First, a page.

There have been a number of cases where men have been dismissed, have successfully appealed to an appeal board, where the Government factory has been requested to take the man back, and the superintendents or managers of the factory have refused to do so. I would like to make two points clear. One is that even after a successful appeal the National Service officer is under no obligation to issue a direction for the return of the man to work. He still has discretion, and there have been cases in which, although the appeal has been successful, the National Service officer has said in his discretion that he considers it would be inadvisable for the man to be returned to his employment. I make no complaint about those cases, but cases I do complain of are where the man has been dismissed, a man employed in a Government factory, 979 has appealed to an appeal board and has been successful, and the National Service officer has requested that the man should be returned to his employment, and the managers or superintendents of the factory have refused to accept him.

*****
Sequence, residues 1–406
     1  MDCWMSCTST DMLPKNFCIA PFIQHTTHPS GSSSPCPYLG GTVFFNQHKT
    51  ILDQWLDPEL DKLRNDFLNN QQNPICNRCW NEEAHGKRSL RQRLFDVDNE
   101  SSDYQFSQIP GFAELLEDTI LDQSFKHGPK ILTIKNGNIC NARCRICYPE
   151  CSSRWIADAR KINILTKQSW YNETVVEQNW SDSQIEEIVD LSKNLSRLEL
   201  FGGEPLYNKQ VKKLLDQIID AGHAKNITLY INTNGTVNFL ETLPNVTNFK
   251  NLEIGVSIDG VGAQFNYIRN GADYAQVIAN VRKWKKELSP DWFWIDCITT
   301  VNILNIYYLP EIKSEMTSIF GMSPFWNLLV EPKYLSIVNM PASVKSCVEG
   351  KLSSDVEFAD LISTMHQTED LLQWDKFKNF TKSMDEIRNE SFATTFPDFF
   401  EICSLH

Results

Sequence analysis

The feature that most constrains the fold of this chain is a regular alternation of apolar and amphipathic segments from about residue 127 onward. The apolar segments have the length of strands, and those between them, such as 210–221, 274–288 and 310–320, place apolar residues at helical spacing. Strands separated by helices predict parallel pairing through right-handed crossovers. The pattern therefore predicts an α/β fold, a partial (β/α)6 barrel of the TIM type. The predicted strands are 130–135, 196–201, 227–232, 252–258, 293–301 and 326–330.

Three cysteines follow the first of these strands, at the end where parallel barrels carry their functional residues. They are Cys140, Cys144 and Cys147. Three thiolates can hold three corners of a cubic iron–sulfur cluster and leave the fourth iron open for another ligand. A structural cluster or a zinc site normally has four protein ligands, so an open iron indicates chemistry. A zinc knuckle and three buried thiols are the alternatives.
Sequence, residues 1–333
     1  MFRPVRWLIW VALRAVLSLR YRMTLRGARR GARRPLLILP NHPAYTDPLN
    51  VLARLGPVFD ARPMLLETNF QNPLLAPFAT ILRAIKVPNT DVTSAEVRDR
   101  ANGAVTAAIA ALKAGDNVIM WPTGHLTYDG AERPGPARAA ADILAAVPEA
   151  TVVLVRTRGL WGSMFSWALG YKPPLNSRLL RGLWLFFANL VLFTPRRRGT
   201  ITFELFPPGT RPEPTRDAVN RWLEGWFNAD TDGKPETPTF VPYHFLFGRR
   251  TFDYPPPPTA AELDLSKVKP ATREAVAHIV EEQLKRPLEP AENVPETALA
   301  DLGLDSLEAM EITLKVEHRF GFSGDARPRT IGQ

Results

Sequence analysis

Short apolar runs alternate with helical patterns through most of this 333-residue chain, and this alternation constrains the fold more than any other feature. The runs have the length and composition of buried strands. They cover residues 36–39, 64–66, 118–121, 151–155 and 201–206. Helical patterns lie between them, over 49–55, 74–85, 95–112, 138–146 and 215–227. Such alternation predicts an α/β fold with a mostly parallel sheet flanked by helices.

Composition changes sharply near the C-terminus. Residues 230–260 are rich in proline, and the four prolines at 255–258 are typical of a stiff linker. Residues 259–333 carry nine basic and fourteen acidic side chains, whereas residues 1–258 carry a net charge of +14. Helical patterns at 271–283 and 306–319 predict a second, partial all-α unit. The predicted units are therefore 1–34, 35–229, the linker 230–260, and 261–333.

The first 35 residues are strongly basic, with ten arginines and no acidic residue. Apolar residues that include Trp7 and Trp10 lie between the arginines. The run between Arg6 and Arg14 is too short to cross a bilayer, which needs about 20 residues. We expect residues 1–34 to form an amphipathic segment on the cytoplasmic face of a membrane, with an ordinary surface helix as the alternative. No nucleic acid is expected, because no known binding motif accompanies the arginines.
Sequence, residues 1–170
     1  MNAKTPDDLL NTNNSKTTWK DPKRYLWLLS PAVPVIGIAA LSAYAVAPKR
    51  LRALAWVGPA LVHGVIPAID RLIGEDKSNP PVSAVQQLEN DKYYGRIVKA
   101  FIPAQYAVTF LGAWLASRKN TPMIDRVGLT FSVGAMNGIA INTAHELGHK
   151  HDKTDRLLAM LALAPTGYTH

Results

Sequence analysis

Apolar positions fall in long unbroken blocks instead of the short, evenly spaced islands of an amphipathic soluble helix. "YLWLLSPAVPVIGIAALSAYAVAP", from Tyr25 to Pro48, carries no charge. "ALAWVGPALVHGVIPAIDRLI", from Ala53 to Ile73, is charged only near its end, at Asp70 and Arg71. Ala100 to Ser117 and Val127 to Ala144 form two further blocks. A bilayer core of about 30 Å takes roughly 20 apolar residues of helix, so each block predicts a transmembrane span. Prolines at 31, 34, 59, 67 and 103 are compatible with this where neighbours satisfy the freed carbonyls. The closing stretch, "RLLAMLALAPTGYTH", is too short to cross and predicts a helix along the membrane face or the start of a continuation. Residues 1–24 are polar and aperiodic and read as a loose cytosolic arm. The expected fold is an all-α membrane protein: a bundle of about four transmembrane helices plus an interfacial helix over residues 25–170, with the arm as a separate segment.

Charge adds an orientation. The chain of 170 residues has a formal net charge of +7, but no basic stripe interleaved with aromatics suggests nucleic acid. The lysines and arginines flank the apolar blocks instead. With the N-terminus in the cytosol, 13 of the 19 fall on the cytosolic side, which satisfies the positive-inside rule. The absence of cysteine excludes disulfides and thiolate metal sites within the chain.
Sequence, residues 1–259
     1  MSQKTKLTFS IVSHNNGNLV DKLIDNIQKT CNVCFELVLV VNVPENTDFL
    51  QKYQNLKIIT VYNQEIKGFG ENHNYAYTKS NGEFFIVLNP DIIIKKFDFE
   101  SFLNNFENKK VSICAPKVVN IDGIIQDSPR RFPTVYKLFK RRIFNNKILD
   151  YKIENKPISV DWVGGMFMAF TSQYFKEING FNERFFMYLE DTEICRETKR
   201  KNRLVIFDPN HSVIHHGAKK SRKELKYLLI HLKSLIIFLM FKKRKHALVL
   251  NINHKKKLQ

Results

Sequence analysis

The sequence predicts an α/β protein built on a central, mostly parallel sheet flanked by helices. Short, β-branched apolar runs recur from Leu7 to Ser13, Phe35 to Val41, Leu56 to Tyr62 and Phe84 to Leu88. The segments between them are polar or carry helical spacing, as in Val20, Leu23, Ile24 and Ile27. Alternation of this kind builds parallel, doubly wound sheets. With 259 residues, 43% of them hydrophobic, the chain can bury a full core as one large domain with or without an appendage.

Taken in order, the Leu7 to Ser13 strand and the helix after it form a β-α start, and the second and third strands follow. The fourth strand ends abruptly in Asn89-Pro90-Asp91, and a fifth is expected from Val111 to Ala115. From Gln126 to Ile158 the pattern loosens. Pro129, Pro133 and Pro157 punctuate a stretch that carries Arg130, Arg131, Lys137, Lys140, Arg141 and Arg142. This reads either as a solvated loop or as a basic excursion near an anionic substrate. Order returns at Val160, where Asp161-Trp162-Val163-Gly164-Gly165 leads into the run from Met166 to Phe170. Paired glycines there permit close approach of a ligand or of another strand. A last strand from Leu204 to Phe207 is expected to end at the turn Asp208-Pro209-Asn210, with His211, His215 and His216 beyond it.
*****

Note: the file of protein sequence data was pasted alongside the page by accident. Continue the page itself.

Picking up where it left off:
I understand the position is that one cannot issue a direction against a Minister of the Crown, who is, of course, the nominal employer in Government factories, and that there is, in fact, an arrangement by which Ministers bind themselves to accept a request from the National Service officer. Generally speaking, I believe that Ministers have accepted such a request and have taken men back to work. But there are a number of cases, mainly of factories under the Ministry of Supply, in which the undertaking has not been duly honoured and carried out, and I would like to make a request, therefore, to my hon. Friend the Parliamentary Secretary to give the House an assurance that he will see to it that these undertakings are carried out in all cases, and that where a successful appeal has been made by a worker, and a National Service officer requests that he should be taken back to his employment, in all cases he will see to it that that worker is returned to his employment. I do not think I need stress the hardship otherwise of the position by which the man is bound but the employer is not bound, merely because the employer happens to be the Crown. I hope he will find it possible to give a satisfactory assurance on that point.